Despite gains for women in the workplace, on the average women's salaries still lag markedly behind those of men. A new study in Massachusetts indicates that on balance women are paid only 55 percent of what men make; nationally the picture is similar - 61.7 percent.
Both statistics should be viewed with care: Neither isolates the impact of recent hirings, which are believed to be providing pay that is more nearly equitable. Many women, especially older women, have been in and out of the labor force over the years, with a result that their salaries are not as high as they would have been had employment been constant, as it generally has been for their male counterparts. Further, many older women in the labor force have had less schooling, including graduate education, than men, and subsequently hold lower-paying positions.
Even when these and similar points have been factored out, however, women on balance still earn less than men for doing the same job.
Nowadays this disparity does not necessarily arise out of overt discrimination, as before. It can result from more subtle attitudes and patterns.
Unfortunate anachronisms persist, such as the view that women are less serious about their work, or that a man's salary is a family's principal income and a woman's is auxiliary.
In upper-level positions, where a salary range usually exists, women are sometimes offered a salary at the lower end of the scale, whereas men are hired at the higher end. Over the years when raises are based on a percentage of salary, the initial inequity at the time of hiring is compounded.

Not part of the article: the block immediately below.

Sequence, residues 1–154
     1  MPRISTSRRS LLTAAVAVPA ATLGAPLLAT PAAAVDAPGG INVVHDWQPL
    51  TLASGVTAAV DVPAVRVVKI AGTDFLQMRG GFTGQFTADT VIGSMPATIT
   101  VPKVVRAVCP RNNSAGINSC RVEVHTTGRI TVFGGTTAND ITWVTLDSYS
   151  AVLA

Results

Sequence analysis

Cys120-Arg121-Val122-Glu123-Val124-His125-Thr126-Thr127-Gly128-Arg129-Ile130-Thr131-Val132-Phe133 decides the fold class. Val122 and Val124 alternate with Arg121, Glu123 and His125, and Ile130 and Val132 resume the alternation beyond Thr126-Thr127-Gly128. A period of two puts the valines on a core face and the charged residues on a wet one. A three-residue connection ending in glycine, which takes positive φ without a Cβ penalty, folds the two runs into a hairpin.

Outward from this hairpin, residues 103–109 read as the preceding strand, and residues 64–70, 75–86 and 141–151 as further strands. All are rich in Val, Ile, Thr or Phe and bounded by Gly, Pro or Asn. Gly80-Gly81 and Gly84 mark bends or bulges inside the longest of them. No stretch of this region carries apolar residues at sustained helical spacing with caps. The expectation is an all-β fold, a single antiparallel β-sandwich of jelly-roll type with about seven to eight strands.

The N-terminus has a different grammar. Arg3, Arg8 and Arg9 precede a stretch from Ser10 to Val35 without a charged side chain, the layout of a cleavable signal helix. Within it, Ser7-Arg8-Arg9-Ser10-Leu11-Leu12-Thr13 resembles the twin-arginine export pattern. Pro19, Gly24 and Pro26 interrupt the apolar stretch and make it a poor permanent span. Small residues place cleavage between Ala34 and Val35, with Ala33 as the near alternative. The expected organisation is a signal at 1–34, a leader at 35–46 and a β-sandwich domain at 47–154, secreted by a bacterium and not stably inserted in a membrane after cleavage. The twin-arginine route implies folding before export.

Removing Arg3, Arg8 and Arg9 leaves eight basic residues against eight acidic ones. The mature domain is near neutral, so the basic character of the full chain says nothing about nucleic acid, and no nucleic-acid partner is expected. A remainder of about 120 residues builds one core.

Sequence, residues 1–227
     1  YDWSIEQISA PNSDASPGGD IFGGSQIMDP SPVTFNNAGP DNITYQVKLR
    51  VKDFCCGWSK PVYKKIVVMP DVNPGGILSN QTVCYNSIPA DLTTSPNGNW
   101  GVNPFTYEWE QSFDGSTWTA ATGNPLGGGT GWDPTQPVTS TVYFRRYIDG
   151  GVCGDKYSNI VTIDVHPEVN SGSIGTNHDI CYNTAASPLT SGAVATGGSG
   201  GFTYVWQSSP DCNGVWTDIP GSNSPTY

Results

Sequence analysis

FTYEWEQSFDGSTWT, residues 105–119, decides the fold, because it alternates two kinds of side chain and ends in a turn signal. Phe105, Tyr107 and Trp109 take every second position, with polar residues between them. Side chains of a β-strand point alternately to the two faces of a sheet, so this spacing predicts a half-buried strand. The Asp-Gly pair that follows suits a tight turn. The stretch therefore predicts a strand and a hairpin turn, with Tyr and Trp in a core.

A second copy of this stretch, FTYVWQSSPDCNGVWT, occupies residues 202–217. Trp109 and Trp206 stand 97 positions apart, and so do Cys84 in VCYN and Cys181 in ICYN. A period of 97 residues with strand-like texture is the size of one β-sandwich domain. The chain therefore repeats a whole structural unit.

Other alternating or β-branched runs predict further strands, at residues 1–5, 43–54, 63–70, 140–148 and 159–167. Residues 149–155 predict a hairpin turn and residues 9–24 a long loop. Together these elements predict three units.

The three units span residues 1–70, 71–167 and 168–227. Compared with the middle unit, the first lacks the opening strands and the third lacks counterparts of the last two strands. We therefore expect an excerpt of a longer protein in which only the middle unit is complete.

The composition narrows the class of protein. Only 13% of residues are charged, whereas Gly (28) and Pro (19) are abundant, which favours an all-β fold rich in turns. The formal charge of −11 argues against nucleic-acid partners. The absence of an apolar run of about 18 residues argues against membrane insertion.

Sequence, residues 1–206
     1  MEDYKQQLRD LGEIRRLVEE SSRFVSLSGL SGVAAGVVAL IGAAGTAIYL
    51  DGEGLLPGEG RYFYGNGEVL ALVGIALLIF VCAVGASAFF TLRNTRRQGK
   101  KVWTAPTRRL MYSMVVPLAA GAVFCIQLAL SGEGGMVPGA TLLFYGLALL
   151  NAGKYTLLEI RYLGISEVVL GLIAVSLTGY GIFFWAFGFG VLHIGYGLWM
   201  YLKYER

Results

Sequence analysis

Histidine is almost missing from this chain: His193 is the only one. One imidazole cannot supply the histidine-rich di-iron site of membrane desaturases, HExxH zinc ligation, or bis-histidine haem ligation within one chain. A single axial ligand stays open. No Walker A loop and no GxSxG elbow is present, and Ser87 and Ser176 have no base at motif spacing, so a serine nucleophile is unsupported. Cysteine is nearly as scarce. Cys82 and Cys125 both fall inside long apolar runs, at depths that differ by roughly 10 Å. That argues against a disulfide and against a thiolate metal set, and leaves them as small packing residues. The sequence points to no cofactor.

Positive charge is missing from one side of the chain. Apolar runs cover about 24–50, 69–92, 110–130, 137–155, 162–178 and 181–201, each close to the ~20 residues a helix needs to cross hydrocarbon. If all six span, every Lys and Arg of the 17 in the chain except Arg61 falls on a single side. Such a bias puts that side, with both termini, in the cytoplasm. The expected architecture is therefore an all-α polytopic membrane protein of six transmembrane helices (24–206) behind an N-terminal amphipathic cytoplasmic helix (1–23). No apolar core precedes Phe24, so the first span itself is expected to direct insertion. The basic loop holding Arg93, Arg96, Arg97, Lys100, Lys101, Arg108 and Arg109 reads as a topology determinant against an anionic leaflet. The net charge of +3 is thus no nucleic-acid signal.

The most recent US Bureau of Census figures, as analyzed by the Women's Bureau of the Department of Labor, indicate that the disparity between women's and men's income exists in all broad categories of employment. Overall, it is the aforementioned 61.7 percent. For positions in the managerial and professional category, it is 63 percent; in technical, sales, and administrative support, 59 percent. Figures are similar in other categories.
Whereas these statistics apply only to the United States, the problem is worldwide.
The situation is changing for the better, as women gain more education, and as - through the pressure of court decisions and social changes - formerly all-male professions and higher managerial positions are opened to women.
But it is taking years for women to accede to these positions in substantial numbers; even to maintain this labored pace, more thinking needs to change.
Meanwhile, vignettes across the landscape presage the broad improvement that is to come. We know of one young couple, fresh from college, recently hired in early professional capacities by two separate companies. Their jobs are similar. To the penny, their pay is identical.